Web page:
Martin Donnelly appeal raises 4x target in fundraiser after moped accidentby James Mills on 11th July 2019
Martin Donnelly's son thanks donors for their generosity, as appeal pledges pour in following news that the popular racer could lose a leg after an accident in a sponsored moped ride
Martin Donnelly competing in Ginettas in 2010 Photo: Motorsport Images
A fundraising campaign for Martin Donnelly, the former Lotus F1 driver who faces losing a leg after a fall from a moped, has hit almost £40,000-worth of pledges — quadruple the original target.
Donnelly's son, Stefan, has expressed his thanks for the flood of donations from fellow drivers, team members and fans, since the GoFundMe campaign was launched on Tuesday.
Martin is famous for surviving one of the most horrific accidents ever seen in Formula 1. Yet his low-speed moped accident could have more serious consequences
The Ulsterman was taking part in a sponsored moped ride last Thursday, in Ireland, for the Teenage Cancer Trust, and suffered a fall at low speed before being hit by a following moped.
Yesterday, one of Martin's good friends, Jonathan Lewis, began raising funds to help him financially, after learning that there was a possibility that Donnelly could face amputation of his left leg.
Within 48 hours, more than 600 people had pledged over £39,000 — far beyond the original £10,000 target, which has now been revised to £50,000. Luciano Burti, who stopped racing in F1 after a major crash at the 2001 Belgian Grand Prix, and Trevor Carlin, the Carlin Motorsport team owner, are listed among the donors.
Stefan Donnelly, Martin’s son, spoke with Motor Sport and said that his father is currently recovering from his surgery, which was performed on Saturday evening. “The break was very bad, basically a clean break across the femur. The complicating fact is that he has an infection, which is not good for the recovery process or the health of his leg, so they are keeping a close eye on that.”
Stefan said his father appreciates the generosity and support offered by friends and family. “He’s so high on morphine and various different drugs that you can have a conversation with him and then he will close his eyes and not remember a thing. Jonny [Jonathan Lewis] has been a star; you know who your friends are at times like these.”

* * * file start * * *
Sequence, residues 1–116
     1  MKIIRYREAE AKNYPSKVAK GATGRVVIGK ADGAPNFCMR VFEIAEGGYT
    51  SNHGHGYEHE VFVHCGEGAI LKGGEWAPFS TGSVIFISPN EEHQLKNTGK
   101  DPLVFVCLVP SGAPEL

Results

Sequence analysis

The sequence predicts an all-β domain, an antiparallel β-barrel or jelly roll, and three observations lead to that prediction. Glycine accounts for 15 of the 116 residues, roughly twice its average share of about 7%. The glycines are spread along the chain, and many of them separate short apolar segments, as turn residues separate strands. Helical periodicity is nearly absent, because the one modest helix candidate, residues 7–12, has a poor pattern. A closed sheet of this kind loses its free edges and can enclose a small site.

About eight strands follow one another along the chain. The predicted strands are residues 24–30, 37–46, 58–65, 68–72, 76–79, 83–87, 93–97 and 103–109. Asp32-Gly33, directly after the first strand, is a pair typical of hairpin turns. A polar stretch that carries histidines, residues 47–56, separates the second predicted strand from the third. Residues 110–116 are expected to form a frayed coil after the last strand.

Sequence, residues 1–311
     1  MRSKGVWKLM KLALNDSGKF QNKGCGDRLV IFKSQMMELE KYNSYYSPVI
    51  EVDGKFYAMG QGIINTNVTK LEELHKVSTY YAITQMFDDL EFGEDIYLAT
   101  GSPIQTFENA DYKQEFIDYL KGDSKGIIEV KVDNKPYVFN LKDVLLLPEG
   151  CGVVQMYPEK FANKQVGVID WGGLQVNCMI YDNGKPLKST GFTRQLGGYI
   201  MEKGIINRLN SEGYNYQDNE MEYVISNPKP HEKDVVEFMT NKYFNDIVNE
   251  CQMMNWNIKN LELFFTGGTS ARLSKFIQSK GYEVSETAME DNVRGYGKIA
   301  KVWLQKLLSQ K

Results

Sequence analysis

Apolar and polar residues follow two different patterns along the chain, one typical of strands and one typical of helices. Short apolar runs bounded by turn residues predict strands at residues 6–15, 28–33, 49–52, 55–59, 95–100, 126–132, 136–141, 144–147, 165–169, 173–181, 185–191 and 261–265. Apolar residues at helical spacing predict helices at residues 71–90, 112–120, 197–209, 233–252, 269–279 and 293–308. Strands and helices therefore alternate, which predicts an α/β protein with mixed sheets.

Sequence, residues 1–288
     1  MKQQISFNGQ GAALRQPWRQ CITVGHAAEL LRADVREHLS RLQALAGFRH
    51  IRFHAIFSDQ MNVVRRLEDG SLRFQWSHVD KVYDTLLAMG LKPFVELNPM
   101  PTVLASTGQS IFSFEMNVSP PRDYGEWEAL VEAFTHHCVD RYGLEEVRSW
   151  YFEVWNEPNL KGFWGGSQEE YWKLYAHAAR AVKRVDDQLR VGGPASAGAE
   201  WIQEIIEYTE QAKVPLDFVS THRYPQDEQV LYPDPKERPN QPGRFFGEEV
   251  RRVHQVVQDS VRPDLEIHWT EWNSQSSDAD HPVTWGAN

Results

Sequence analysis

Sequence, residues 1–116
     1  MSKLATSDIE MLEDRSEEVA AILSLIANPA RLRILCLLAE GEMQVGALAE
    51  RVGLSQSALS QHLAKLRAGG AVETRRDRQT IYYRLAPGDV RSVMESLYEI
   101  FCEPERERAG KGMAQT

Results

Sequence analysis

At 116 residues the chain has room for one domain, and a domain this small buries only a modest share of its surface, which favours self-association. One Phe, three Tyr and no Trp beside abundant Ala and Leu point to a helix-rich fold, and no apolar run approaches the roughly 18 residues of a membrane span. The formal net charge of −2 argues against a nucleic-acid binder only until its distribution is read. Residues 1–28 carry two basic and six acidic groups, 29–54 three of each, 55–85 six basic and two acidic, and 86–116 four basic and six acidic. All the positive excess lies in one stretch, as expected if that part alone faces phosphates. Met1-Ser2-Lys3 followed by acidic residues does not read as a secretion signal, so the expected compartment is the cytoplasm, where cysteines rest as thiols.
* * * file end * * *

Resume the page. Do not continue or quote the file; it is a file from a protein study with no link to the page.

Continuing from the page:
Lewis, a familiar face in motorsport circles and an old friend of Martin's, said: “With his left leg, he obviously isn’t a good motorcyclist at the best of times. The more I think about it, the more about I blame myself. I suggested he drive the support van, but Martin being Martin he said, ‘No, no, no; I want to do it’.”
Lewis says that Donnelly pulled on the front brake entering a hairpin, at about 20mph, and the front wheel slid from under the scooter, throwing the rider to the road. A following moped rider hit his left leg, just above the knee at the femur – the same leg that had been broken in two places and required complex reconstruction following Donnelly’s F1 accident.
In 1990, the Ulsterman suffered two broken legs, a broken collar bone and broken cheek bone after his Lotus-Lamborghini left the Jerez circuit at an estimated 140mph and struck the barriers.
Such was the force of the accident that Donnelly’s Lotus split apart, and the driver was thrown across the track, still strapped into the carbon-fibre seat section, which had been ripped apart from the monocoque during the impact. Donnelly remembers nothing about the weekend, or the months of recovery that followed.
“When I was with Martin yesterday, in the hospital, he said ‘It was 20 miles an hour, for Christ’s sake, and look at me!’” said Lewis.
Because no specialists were available to treat Donnelly in Waterford, Ireland, Nick Jordan, the founder of Argo, the race car constructor, drove Donnelly to the ferry in Holyhead, to home. He is currently in the care of specialist surgeons at Norfolk and Norwich hospital.
Martin Donnelly attacks the kerbs in his Lotus in the 1990 Italian Grand Prix Photo: Motorsport Images
“I spoke with the specialist and discussed the history of his leg. We all take the piss out of him, and say his leg’s like a Parma ham when he’s wearing shorts. They have since operated on him, inserting metal plates, but as of yesterday his temperature was really high and last night Francis [his sister] noticed a rash and swelling and there was weeping.
“The fear is infection has got into the leg. If all doesn’t go well he could lose the leg. And obviously he has fought for 30 years to keep this leg. Now he’s stressing about not being able to get to the British Grand Prix and fulfil sponsor commitments.”
Lewis, concerned that Donnelly would not be able to work for at least three months and conscious that his friend has no savings, started a fund raising page on Tuesday, with the aim of raising £10,000. At the time of writing, it had passed £39,000, and the target had been revised to £50,000.
“He’s stressing, as you can imagine, and in a great deal of pain. I doubt he has life and illness insurance policies or that they’d pay out for falling off a moped. So I wanted to help,” Lewis explained.
A spokesperson for The Teenage Cancer Trust confirmed that Donnelly was fund raising for the charity.